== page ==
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July 2003-July 2010InteractiveDig Sagalassos
The sanctuary of Hadrian and Antoninus Pius seen from the north
Aerial picture of the test soundings in the sanctuary's northwest corner
The fireplace inside the second-century A.D. level of the portico

Photos courtesy Sagalassos Archaeological Research Project. Click on images to enlarge.
by Marc Waelkens

The Antoninus Pius Sanctuary: August 3-9, 2003

This week Peter Talloen, Yaprak Özkünü, now with KULeuven archaeology student Karlien De Craen, completed test excavations in the northwest corner of the Hadrian and Antoninus Pius sanctuary, and have made the following conclusions:

  • Occupation phase 1: some traces of an occupation, predating the temple complex were found on top of the natural bedrock. They consisted of a wall (only one course of stones preserved) with orientation similar to the back wall of the mid-second-century A.D. portico, but three m north of it and 2.50 m below the present surface. This occupation probably dates to the early Imperial period, when the city expanded to the south and when, during the reign of Tiberius (14-37), a monumental city gate was built at the end of the main north-south street, in the immediate vicinity of the Imperial sanctuary.

  • Occupation phase 2: the fill of the foundation trench for the back wall of the portico contained ceramics dating to the mid- to second half of the second century. North of the portico's back wall, outside the actual temenos, we exposed the remains of a mortared floor level contemporary with a wall perpendicular to the portico's back wall and thus also from the second century. It represents either a row of rooms at the back of the portico, at least in the northwest corner of the sanctuary, or a structure built against the latter, but not accessible from it.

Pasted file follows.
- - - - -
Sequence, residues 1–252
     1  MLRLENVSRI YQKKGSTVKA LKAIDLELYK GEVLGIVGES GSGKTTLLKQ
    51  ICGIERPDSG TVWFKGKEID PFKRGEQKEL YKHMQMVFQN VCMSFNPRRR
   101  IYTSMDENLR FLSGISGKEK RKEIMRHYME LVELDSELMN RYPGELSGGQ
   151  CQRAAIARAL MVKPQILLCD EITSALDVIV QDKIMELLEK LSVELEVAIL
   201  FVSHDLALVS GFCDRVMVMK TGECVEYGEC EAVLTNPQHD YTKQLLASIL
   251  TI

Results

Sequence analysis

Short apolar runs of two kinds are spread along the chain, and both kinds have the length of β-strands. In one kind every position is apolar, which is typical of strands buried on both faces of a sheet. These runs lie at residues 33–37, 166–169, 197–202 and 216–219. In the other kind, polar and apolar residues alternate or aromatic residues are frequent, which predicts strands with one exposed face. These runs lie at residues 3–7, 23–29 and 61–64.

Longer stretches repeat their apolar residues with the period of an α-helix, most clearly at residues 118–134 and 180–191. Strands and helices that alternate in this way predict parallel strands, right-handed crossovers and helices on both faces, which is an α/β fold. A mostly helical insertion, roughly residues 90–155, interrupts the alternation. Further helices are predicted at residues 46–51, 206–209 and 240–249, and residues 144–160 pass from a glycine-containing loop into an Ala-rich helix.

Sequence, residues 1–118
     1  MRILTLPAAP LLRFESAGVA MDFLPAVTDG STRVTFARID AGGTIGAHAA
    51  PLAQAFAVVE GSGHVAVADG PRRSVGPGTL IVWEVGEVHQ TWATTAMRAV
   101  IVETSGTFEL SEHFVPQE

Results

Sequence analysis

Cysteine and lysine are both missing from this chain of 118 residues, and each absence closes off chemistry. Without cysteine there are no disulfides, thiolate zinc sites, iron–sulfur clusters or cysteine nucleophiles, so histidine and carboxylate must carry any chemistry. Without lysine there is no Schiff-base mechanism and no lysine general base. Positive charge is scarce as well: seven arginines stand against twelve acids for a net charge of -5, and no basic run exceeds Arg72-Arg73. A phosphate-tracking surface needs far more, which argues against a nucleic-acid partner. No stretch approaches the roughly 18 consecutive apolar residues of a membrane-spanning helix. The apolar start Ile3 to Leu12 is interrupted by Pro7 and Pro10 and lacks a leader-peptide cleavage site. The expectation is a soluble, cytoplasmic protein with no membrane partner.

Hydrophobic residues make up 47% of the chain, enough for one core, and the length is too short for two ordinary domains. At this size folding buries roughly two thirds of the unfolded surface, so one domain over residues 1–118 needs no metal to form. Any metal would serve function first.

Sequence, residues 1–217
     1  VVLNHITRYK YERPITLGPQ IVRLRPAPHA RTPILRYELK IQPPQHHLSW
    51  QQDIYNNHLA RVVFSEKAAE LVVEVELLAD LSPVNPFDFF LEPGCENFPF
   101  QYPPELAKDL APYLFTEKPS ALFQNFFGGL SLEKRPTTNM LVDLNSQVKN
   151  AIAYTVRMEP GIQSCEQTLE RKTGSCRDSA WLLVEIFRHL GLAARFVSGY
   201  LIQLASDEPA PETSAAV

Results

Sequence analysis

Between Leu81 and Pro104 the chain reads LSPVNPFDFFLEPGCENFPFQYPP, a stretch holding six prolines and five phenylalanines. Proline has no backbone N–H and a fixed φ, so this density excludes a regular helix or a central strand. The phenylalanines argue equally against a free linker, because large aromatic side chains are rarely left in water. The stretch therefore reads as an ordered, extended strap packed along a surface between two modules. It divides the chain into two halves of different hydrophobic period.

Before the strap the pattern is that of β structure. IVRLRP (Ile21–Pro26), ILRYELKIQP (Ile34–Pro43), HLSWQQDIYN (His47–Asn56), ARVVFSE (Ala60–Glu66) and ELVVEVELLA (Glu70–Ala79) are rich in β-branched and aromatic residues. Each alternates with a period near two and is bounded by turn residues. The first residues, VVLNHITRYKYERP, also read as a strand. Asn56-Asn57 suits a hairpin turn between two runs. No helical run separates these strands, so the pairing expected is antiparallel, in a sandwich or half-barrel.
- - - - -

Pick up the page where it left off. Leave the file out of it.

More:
• Occupation phase 3: into this floor level a pit was dug, in which a fireplace was created by facing the pit with clay, which, like the clay on the bottom of the depression, was fired during use. Material from within this structure was again dated to the second century. The function of this firing place is uncertain, unless it had something to do with the construction of the sanctuary.

  • Occupation phases 4, 5, and 6: two late Roman to early Byzantine encroachment phases were noted in previous reports. Analysis of the ceramics retrieved from layer 1 in all trenches indicates that this layer represented a late Roman-early Byzantine (6th-7th century) walking level corresponding with two building phases (see July 27-August 2), while occupation of the promontory continued into the middle Byzantine period (8th-10th century), after the abandonment of the city center. Further analysis is needed to establish the exact nature of the occupation, which produced mostly cooking and storage wares.

Last week, our archaeologists also completed the study of the faunal remains (see Subsistence Studies, August 3-9).

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